Indiana Governor Mike Pence and Virginia Senator Time Kaine, running mates of Donald Trump and Hillary Clinton, respectively, went head-to-head in the vice presidential debate of the 2016 elections at Longwood University in Farmville.
The vice presidential nominees debated on a number of topics – including abortion, Clinton’s use of private server, nuclear proliferation and Trump’s refusal to release his tax returns.
Vice Presidential Debate: Indiana Gov Mike Pence vs Virginia Sen Tim Kaine
Kaine, Clinton’s running mate, seemed the more aggressive of the two, as was indicated by his repeated interruptions attacking the Republican presidential nominee over his praise for Russian president Vladimir Putin, derogatory comments about Mexicans and women, and endorsement of nuclear proliferation.
Pence, whose tone was more measured and calmer, said Kaine’s claims were an “avalanche of insults.”
Kaine, in criticizing Trump, invoked former president Ronald Reagan, who said that with nuclear proliferation “some fool or maniac could trigger a catastrophic event.”
Kaine, suggesting Trump, said, “I think that’s who Gov. Pence’s running mate is.”
Kaine also targeted Trump on the topic of abortion, asking Pence why the Republican presidential nominee previously made comments saying women could be subjected to “punishment” for having an abortion. In response, Pence said, “He is not a polished politician like you and Hillary Clinton.”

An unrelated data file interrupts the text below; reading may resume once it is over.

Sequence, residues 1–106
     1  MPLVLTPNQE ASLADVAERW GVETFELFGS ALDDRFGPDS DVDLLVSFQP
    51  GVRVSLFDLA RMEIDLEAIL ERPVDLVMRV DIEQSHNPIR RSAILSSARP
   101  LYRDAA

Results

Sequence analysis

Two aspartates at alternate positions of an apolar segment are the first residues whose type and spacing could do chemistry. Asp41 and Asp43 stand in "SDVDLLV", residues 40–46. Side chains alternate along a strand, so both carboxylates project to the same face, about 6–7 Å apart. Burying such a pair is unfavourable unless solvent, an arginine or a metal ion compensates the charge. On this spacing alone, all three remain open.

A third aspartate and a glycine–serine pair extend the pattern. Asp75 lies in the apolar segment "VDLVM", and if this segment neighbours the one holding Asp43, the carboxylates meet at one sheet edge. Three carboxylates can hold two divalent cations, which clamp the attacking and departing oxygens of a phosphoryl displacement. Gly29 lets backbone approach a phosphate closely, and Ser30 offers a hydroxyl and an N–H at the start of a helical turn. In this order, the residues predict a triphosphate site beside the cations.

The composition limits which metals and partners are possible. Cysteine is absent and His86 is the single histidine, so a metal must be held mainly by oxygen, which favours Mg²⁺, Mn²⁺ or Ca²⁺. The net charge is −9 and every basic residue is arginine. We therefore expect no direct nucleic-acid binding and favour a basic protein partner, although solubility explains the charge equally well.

As reported by BBC, the debate also moved in the direction of Trump’s refusal to release his tax returns. While the business mogul said he is not disclosing his tax returns because of an audit, there are speculations that he may not have paid taxes for the last 18 years.
Vice Presidential Debate: Mike Pence has narrow advantage over Tim Kaine.
Pence said Trump had “used the tax code just the way it’s supposed to be used, and he did it brilliantly.” To this, Kaine replied, “I guess all of us who do [pay taxes] are stupid?”
A CNN/ORC poll revealed Pence had a narrow advantage by the end of the vice presidential debate; gaining on Kaine 48 percent to 42 percent, with a margin of error of 4.5 percentage points.
In a survey that asked voters who the debate made them more likely to vote for, 29 percent stood for Trump while 18 percent for Clinton; 53 percent said they weren’t changed by the outcome of the debate.